The Morning Fix: Time Warner has strong quarter. Bullock is only non-blonde among most-paid actresses. Emmys snub reality hosts.
Time Warner rides cable to strong quarter. Time Warner reported its second-quarter results early Wednesday morning and as usual, the Turner cable channels were the company's main driver. The company reported a profit of $562 million, up 7% from the same quarter a year ago. Revenue was up 7.7% to $6.38 billion. Early details from Bloomberg and the Wall Street Journal.
CBS talks tough. On Tuesday, CBS reported its second-quarter earnings, which included a profit of $150 million on revenue of $1.67 billion. CBS Chief Executive Leslie Moonves, still riding high from wrapping up a 10-year distribution deal for the company's content with cable giant Comcast Corp., once again said the network's own affiliates will also be ponying up money for its content. As for what the company plans for its growing cash reserve, Moonves hinted at a stock buyback or boosting the dividend, but not necessarily a big deal. More from the Los Angeles Times, the Wall Street Journal and Radio Business Report, which looks at whether CBS will unload some radio stations.
Hope her divorce lawyers don't read this. Forbes has issued its list of best-paid actresses and, no surprise, Sandra Bullock tops the list. Not saying there is a trend here, but Bullock was the only brunette among the top five stars. Following her were Reese Witherspoon, Cameron Diaz, Jennifer Aniston and Sarah Jessica Parker.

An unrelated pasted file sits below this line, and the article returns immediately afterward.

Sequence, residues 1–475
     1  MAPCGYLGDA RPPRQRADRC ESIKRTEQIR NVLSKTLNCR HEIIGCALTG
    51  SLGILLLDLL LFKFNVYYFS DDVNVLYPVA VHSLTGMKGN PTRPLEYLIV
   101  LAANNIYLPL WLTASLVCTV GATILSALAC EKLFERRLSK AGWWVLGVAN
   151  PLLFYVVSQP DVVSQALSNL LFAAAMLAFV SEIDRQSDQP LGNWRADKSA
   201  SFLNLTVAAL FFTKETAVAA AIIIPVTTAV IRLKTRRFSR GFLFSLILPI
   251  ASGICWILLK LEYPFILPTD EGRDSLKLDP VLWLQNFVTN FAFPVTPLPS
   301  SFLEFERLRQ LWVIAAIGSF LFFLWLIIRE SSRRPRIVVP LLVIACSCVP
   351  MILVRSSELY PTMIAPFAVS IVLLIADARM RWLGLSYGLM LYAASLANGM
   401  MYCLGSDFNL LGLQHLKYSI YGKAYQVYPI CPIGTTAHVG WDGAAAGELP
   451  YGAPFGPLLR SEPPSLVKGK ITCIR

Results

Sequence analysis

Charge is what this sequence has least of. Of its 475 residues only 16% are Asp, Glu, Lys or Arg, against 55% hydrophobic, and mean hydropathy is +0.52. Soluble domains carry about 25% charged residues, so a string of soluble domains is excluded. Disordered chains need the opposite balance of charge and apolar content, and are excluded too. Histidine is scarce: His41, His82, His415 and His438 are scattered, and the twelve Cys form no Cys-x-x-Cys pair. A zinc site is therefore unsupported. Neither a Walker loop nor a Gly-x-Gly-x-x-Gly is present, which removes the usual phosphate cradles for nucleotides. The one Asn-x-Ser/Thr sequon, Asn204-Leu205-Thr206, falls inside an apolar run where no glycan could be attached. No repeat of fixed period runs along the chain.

Rupert Murdoch doesn't want to be taken out to the ballgame. Although its own newspaper -- the New York Post -- reported that the media conglomerate was interested in the Texas Rangers, the company has gone on the record to say it wouldn't make a bid on the baseball team. Fox Sports said Tuesday it was not going to get involved in the auction. Los Angeles residents may recall News Corp.'s less-than-perfect run as owners of the Dodgers.
Oprah doesn't come cheap. Discovery Communications has spent $75 million launching the Oprah Winfrey Network, the cable channel that will likely debut in January. In its earnings call Tuesday, Discovery said it had committed to investing $100 million in the channel, but that figure may grow. More on OWN from the New York Post.
Oh, never mind. After lots of reports that Kohlberg Kravis Roberts & Co. was getting ready to invest a couple hundred million into Creative Artists Agency, the sizzle seems to have fizzled. Deadline Hollywood says KKR is backing off the idea of investment. Meanwhile, the initial public offering from Mark Gill and Neil Sacker's Film Department has once again hit a bump. Variety reports that the production company has reduced the price for its IPO to about $6 per share.
One year your hosting the Emmys, then you can't even get an award on the telecast. The Academy of Television Arts and Sciences has decided to banish reality TV show hosts to the Creative Emmy awards, which are not televised. Jeff Probst, the host of CBS' "Survivor," is ticked off, and why not? Just a few years ago he was a host of the Emmys. Probst sounds off to the Hollywood Reporter on the snub.
Inside the Los Angeles Times: "American Idol" is still trying to seal deals with Jennifer Lopez and Steven Tyler; the show has settled on Universal Music Group as its new label partner. Los Angeles is the new New York, at least as far as television drama is concerned.
-- Joe Flint
It's Wednesday and August. What else do you have to do but follow me on Twitter: Twitter.com/JBFlint